6. In Sadhna Chaudhary Vs. State of Uttar Pradesh14, this court reiterated that the judicial officers must aspire and adhere to a higher standard of honesty, integrity and probity. “19. It has amply been reiterated by this Court that the judicial officers must aspire and adhere to a higher standard of honesty, integrity and probity. Very recently in Shrirang Yadavrao Waghmare v. State of Maharashtra [Shrirang Yadavrao Waghmare v. State of Maharashtra, (2019) 9 SCC 144 : (2019) 2 SCC (LS) 582] , a Division Bench of this Court very succinctly collated these principles and reiterated that: (SCC pp. 146-47, paras 5-10) ‘5. The first and foremost quality required in a Judge is integrity. The need of integrity in the judiciary is much higher than in other institutions. The judiciary is an institution whose foundations are based on honesty and integrity. It is, therefore, necessary that judicial officers should possess the sterling quality of integrity.

This Court in Tarak Singh v. Jyoti Basu [Tarak Singh v. Jyoti Basu, (2005) 1 SCC 201] held as follows: (SCC p. 203) ‘Integrity is the hallmark of judicial discipline, apart from others. It is high time the judiciary took utmost care to see that the temple of justice does not crack from inside, which will lead to a catastrophe in the justice-delivery system resulting in the failure of public confidence in the system. It must be remembered that woodpeckers inside pose a larger threat than the storm outside.’

6. The behaviour of a Judge has to be of an exacting standard, both inside and outside the court. This Court in Daya Shankar v. High Court of Allahabad [Daya Shankar v. High Court of Allahabad, (1987) 3 SCC 1 : 1987 SCC (LS) 132] held thus: (SCC pp. 4-5, para 11) ’11. … Judicial officers cannot have two standards, one in the court and another outside the court. They must have only one standard of rectitude, honesty and integrity. They cannot act even remotely unworthy of the office they occupy.’

7. Judges are also public servants. A Judge should always remember that he is there to serve the public. A Judge is judged not only by his quality of judgments but also by the quality and purity of his character. Impeccable integrity should be reflected both in public and personal life of a Judge. One who stands in judgments over others should be incorruptible. That is the high standard which is expected of Judges.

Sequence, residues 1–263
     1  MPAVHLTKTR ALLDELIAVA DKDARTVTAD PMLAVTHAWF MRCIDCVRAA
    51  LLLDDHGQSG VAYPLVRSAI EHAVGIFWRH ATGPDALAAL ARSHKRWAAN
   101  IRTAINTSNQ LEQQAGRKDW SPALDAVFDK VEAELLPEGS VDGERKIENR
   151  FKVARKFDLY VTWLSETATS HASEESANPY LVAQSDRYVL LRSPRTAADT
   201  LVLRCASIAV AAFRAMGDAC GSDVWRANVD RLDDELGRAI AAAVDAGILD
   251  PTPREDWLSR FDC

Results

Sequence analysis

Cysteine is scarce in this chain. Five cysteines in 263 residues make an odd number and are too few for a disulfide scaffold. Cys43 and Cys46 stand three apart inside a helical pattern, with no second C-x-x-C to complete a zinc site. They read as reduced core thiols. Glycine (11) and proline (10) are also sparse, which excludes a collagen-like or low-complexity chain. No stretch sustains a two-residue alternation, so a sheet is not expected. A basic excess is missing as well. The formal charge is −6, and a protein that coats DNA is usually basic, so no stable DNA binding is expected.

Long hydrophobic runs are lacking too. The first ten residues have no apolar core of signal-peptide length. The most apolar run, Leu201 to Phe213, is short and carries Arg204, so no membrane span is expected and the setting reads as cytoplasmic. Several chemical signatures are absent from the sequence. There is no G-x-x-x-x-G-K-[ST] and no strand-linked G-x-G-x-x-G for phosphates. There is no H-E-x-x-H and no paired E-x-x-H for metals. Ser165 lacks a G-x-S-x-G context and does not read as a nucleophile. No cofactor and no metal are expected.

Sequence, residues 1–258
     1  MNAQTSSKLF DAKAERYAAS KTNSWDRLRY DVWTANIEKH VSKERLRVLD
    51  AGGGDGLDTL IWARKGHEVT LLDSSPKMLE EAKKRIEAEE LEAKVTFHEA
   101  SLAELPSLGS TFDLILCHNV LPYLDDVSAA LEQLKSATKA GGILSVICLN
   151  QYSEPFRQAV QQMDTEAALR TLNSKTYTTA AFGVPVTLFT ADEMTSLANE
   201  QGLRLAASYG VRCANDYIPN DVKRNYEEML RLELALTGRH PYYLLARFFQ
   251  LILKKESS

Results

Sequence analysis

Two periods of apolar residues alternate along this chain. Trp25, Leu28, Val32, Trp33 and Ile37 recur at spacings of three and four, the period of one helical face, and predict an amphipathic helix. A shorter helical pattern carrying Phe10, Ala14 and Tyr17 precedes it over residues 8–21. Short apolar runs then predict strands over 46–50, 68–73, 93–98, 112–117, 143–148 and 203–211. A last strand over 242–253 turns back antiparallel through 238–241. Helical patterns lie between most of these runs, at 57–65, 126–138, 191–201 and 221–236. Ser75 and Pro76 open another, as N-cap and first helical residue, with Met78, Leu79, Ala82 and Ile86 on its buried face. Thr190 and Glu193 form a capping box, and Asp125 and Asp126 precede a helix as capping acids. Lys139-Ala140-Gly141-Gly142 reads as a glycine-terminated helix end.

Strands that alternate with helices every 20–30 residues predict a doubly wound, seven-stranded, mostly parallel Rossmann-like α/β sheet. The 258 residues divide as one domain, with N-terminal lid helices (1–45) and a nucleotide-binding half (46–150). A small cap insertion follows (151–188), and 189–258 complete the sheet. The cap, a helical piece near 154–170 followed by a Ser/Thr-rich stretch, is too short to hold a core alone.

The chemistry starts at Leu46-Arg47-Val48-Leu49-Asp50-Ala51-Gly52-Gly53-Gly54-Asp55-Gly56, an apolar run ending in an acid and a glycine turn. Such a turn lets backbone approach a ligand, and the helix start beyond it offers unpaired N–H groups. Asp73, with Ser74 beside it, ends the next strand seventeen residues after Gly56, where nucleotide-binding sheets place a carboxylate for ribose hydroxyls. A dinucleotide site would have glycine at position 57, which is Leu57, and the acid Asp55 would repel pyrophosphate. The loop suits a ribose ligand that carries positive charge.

8. Judges must remember that they are not merely employees but hold high public office. In R.C. Chandel v. High Court of M.P. [R.C. Chandel v. High Court of M.P., (2012) 8 SCC 58 : (2012) 2 SCC (Civ) 343 : (2012) 3 SCC (Cri) 782 : (2012) 2 SCC (LS) 469] , this Court held that the standard of conduct expected of a Judge is much higher than that of an ordinary person. The following observations of this Court are relevant: (SCC p. 70, para 29) ’29. Judicial service is not an ordinary government service and the Judges are not employees as such. Judges hold the public office; their function is one of the essential functions of the State. In discharge of their functions and duties, the Judges represent the State. The office that a Judge holds is an office of public trust.

A Judge must be a person of impeccable integrity and unimpeachable independence. He must be honest to the core with high moral values. When a litigant enters the courtroom, he must feel secured that the Judge before whom his matter has come, would deliver justice impartially and uninfluenced by any consideration. The standard of conduct expected of a Judge is much higher than an ordinary man. This is no excuse that since the standards in the society have fallen, the Judges who are drawn from the society cannot be expected to have high standards and ethical firmness required of a Judge. A Judge, like Caesar’s wife, must be above suspicion. The credibility of the judicial system is dependent upon the Judges who man it. For a democracy to thrive and the rule of law to survive, justice system and the judicial process have to be strong and every Judge must discharge his judicial functions with integrity, impartiality and intellectual honesty.’

9. There can be no manner of doubt that a Judge must decide the case only on the basis of the facts on record and the law applicable to the case. If a Judge decides a case for any extraneous reasons then he is not performing his duty in accordance with law.

10. In our view the word “gratification” does not only mean monetary gratification. Gratification can be of various types. It can be gratification of money, gratification of power, gratification of lust etc., etc.”

7. It may further be noted that when a disciplinary action can be taken against the officer exercising judicial or quasi-judicial powers, has also been succinctly laid down by this court in case of Union of India Vs. K.K. Dhawan (supra): –

“28. Certainly, therefore, the officer who exercises judicial or quasi-judicial powers acts negligently or recklessly or in order to confer undue favour on a person is not acting as a Judge. Accordingly, the contention of the respondent has to be rejected. It is important to bear in mind that in the present case, we are not concerned with the correctness or legality of the decision of the respondent but the conduct of the respondent in discharge of his duties as an officer. The legality of the orders with reference to the nine assessments may be questioned in appeal or revision under the Act. But we have no doubt in our mind that the Government is not precluded from taking the disciplinary action for violation of the Conduct Rules. Thus, we conclude that the disciplinary action can be taken in the following cases: